# turbulentHeatFluxTemperature heat capacity of what material?

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 May 7, 2014, 13:22 turbulentHeatFluxTemperature heat capacity of what material? #1 Senior Member   Andrew Somorjai Join Date: May 2013 Posts: 175 Rep Power: 13 Hello everyone, Looking at the source for the turbulentHeatFluxTemperatureFvPatchScalarField class at https://github.com/OpenFOAM/OpenFOAM...hScalarField.H The heat capacity at constant pressure is listed Code: ```hotWall { type turbulentHeatFluxTemperature; heatSource flux; // power [W]; flux [W/m2] q uniform 10; // heat power or flux alphaEff alphaEff; // alphaEff field name; // alphaEff in [kg/m/s] Cp Cp; // Cp field name; Cp in [J/kg/K] value uniform 300; // initial temperature value }``` If I had a box full of air with a wall made of steel transferring heat would I use the heat capacity of air or steel. I don't suppose the steel part would even matter for the simulation but I'm just not sure if it's simply the air Cp that would be needed. If it's for steel then how come there's no length requirement for the conductor (from the formula for thermal conductivity)? thanks to anyone for clearing it up.

 May 20, 2014, 11:19 #2 Senior Member   Joachim Herb Join Date: Sep 2010 Posts: 650 Rep Power: 21 With the turbulentHeatFluxTemperatureFvPatchScalarField boundary conditions you transfere a certain amount of heat (either defined as flux, a.k. power/area or total power for the whole surface) into the fluid. Heat conduction in the boundary is not considered, so the heat capacity is the one of the fluid. If you want to simulation also the solid and the heat conduction inside it, you have to go with the multi region solver (see the corresponding tutorias, e.g. heatTransfer/chtMultiRegionFoam etc.) massive_turbulence likes this.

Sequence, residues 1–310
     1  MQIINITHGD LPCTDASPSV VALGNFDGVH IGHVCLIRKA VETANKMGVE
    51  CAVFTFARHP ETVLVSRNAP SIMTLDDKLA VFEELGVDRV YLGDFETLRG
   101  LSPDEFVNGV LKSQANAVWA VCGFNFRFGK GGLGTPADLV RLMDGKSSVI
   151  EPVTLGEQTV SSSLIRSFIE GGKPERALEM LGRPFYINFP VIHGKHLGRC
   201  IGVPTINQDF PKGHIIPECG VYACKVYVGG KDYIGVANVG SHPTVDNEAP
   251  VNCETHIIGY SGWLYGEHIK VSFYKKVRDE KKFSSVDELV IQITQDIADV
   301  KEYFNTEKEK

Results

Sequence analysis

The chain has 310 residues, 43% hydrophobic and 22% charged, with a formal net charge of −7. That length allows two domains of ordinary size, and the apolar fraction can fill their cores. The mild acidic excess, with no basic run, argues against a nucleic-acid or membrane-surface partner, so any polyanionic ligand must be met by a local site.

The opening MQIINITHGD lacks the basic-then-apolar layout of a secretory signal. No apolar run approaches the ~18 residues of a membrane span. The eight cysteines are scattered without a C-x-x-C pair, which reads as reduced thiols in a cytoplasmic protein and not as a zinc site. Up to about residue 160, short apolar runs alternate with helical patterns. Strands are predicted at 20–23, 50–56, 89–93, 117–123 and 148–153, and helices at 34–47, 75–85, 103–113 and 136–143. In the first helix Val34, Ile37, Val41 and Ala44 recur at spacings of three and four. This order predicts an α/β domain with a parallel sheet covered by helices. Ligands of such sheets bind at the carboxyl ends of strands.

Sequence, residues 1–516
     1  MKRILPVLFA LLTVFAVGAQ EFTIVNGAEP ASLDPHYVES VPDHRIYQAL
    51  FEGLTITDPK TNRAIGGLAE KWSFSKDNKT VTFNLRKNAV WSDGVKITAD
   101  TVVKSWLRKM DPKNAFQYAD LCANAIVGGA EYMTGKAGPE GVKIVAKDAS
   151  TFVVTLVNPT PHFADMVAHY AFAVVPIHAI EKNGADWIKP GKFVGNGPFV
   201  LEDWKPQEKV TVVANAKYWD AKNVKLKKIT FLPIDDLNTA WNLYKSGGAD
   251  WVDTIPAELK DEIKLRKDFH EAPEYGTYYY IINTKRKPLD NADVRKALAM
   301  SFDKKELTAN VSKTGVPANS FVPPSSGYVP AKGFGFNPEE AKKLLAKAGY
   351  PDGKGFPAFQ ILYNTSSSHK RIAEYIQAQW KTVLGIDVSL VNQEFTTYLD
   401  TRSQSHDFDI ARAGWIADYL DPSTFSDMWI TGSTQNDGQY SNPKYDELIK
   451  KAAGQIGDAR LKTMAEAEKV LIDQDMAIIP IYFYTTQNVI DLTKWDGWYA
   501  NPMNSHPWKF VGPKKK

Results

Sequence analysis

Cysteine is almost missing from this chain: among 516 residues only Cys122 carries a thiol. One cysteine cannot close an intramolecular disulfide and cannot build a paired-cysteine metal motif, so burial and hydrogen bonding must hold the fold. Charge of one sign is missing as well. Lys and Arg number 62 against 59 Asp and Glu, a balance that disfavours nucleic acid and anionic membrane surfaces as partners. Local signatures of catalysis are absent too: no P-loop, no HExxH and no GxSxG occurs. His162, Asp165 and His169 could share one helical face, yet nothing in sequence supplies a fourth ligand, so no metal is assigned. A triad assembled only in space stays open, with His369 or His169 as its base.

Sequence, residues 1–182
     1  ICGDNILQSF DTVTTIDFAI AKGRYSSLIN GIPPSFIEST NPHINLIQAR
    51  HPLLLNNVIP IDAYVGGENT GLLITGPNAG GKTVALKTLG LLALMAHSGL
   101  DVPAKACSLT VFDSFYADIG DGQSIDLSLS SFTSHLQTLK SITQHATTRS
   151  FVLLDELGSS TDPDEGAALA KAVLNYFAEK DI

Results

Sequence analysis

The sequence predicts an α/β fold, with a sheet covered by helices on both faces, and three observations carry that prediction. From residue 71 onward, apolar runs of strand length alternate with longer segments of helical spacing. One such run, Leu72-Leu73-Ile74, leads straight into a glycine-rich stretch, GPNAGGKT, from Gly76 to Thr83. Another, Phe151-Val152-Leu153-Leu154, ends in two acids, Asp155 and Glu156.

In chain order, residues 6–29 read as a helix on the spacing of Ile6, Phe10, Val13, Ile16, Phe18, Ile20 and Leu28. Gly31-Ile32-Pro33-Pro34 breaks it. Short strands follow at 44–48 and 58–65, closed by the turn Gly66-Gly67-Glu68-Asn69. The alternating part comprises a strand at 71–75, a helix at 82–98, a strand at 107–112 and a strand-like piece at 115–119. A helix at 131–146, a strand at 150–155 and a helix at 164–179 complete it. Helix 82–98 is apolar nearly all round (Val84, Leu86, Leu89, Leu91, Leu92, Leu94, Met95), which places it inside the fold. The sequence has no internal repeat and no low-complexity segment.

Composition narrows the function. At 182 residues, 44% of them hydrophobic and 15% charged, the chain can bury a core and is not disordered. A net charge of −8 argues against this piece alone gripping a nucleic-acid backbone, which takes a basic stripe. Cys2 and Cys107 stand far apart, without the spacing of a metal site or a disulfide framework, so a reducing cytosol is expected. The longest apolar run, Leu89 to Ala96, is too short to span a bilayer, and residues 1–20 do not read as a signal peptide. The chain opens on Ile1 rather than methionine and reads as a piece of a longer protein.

May 20, 2014, 16:16
#3
Senior Member

Andrew Somorjai
Join Date: May 2013
Posts: 175
Rep Power: 13
Quote:
 Originally Posted by jherb With the turbulentHeatFluxTemperatureFvPatchScalarField boundary conditions you transfere a certain amount of heat (either defined as flux, a.k. power/area or total power for the whole surface) into the fluid. Heat conduction in the boundary is not considered, so the heat capacity is the one of the fluid. If you want to simulation also the solid and the heat conduction inside it, you have to go with the multi region solver (see the corresponding tutorias, e.g. heatTransfer/chtMultiRegionFoam etc.)
Thank you, that's exactly what I was thinking too but I didn't know about the multi region solver.

 May 20, 2014, 17:47 #4 Senior Member   Joachim Herb Join Date: Sep 2010 Posts: 650 Rep Power: 21 Also have a look at this boundary condition: https://github.com/OpenFOAM/OpenFOAM...hScalarField.H This might also apply in your case.

 Tags heat capacity, thermal coductivity